Think Border Security Is Just For Immigrants? Watch How It's Affecting Americans.

We all have different opinions on immigration reform. I want undocumented immigrants to stay, some of you might not. That's OK — we're allowed to disagree!

But if you're pitching your vote for tighter border security, you'd at least better know what "tighter border security" will mean for you and your fellow American citizens.

Because if "tighter border security" means that we can be stopped and pulled over at random? I'm not sure I want to be part of that.

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You know, in a big city if law enforcement tried to simply wall off a neighborhood they thought was dangerous and make everybody pass through checkpoints, you know, there would, obviously, be protests on a massive scale.

Arivaca Road is the main route out of the tiny southern Arizona town of Arivaca. Every time residents like Peter Ragan need to leave, to go to the bank, for instance, they must stop here. This is a border patrol checkpoint, 24 miles away from the U.S.-Mexico border, one of dozens of interior stops that some say feel like a police state.

The fact of having to go through the checkpoint, having to stop and be inspected, but also not knowing exactly what the interaction is going to be like makes it a pretty anxious experience every time you go through.

Hi, how are you doing, gentlemen? One second. How have ya'll been? You have a good day and drive safe. Thank you.

As the debate over immigration increasingly revolves around border security, some Americans say checkpoints like this go too far.

I want to go free on my way.


Here I am, just going about my own business and...

People are posting videos online of checkpoint refusals as a way of asserting their right to move freely in their own country.

You know, correct me if I'm wrong, did I stumble into Mexico or is this still the United States?

Whatever your rejection is or whatever to what's going on here, let us investigate and you can go on your way.

Others document alleged civil rights abuses by border patrol agents.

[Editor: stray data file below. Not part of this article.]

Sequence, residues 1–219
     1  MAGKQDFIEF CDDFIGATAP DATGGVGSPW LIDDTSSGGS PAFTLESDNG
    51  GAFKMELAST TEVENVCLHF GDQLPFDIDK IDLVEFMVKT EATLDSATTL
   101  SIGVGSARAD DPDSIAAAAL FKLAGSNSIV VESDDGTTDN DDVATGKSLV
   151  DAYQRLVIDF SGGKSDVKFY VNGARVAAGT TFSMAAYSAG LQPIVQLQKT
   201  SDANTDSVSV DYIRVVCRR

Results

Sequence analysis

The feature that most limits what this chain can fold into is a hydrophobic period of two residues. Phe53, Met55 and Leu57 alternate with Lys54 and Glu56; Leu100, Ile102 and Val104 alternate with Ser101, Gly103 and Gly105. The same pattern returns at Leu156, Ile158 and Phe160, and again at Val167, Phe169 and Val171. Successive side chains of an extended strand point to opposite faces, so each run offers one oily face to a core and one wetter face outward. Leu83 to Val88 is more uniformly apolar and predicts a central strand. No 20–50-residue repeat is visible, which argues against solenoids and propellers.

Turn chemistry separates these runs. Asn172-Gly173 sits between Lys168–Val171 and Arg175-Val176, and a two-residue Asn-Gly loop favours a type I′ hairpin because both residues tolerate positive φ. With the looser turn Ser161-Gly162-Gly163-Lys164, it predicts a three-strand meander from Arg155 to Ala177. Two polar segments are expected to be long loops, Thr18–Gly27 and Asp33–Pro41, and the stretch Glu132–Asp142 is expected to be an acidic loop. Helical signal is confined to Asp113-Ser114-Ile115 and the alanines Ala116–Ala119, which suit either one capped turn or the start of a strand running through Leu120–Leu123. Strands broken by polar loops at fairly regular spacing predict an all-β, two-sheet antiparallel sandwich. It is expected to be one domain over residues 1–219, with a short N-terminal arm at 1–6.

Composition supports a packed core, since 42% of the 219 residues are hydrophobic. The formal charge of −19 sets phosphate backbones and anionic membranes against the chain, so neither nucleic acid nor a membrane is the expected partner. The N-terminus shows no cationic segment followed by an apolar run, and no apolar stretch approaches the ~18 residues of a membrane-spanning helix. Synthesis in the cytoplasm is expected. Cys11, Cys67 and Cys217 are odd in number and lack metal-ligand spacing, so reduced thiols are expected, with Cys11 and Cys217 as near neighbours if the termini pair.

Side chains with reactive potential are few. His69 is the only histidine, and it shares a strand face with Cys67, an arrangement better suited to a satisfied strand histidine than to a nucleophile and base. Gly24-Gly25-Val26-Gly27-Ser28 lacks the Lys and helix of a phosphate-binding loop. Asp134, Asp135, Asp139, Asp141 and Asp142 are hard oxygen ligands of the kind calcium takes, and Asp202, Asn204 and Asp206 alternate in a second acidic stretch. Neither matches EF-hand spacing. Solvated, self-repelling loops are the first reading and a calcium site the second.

If you have a political or an emotional situation here, I don't want to hear about it. I want to see your I.D. now.

This video was recorded by a resident at the Arivaca Road checkpoint.

And sit by the vehicle like I asked you to.

I'm still confused about that.

Please step out of the vehicle.

I would like to know why.

Step out of the vehicle, please. I asked you nicely.


And the Supreme Court has said these checkpoints are only permissible insofar as they involve a brief and limited inquiry into resident status. So if border patrol is detaining people to ask about more things than just to verify their resident status, if they don't have any suspicion of criminal wrongdoing, that would violate the Fourth Amendment.

James Lyall, an attorney with the American Civil Liberties Union, monitors alleged abuses and unlawful detentions along the southern border.

There are big causes for concern that there are widespread rights abuses happening.

Customs and border patrol declined the New York Times' request for an interview, but issued a statement saying, "C.B.P. Officers and Border Patrol agents enforce the nation's laws while preserving the civil rights and civil liberties of all people with whom C.B.P. personnel interact."

It has invaded my rights many times already. I have been stopped at the checkpoint and harassed and everything thrown out of my trunk.

Residents say the checkpoints have transformed small towns like Arivaca, even kept people from visiting.

Many of us have family members or people that say, "You know what, just forget it. We don't want to go. We don't want to go get hassled." It's a hassle every time.

The checkpoint is classified as temporary and yet it's been here for nearly seven years.

We want justice, we want peace, we want checkpoints off our streets.

Last year, fed-up residents staged a protest calling for its removal.

Check yourself, B.P., stop watching our community.

Until last month, volunteers were regularly monitoring the checkpoint, recording agent interactions.

Yeah, we have to watch the watchers because the watchers don't watch themselves. There's no oversight. You know, it's the only power we have to empower ourselves and also change the situation at the checkpoint.

There may be small errors in this transcript.

Original video by the New York Times, produced by video journalist Sean Patrick Farrell with footage by Bob Torrez. To find out more about border patrol stringency in Arivaca, read the New York Times article.

Jul 16, 2014

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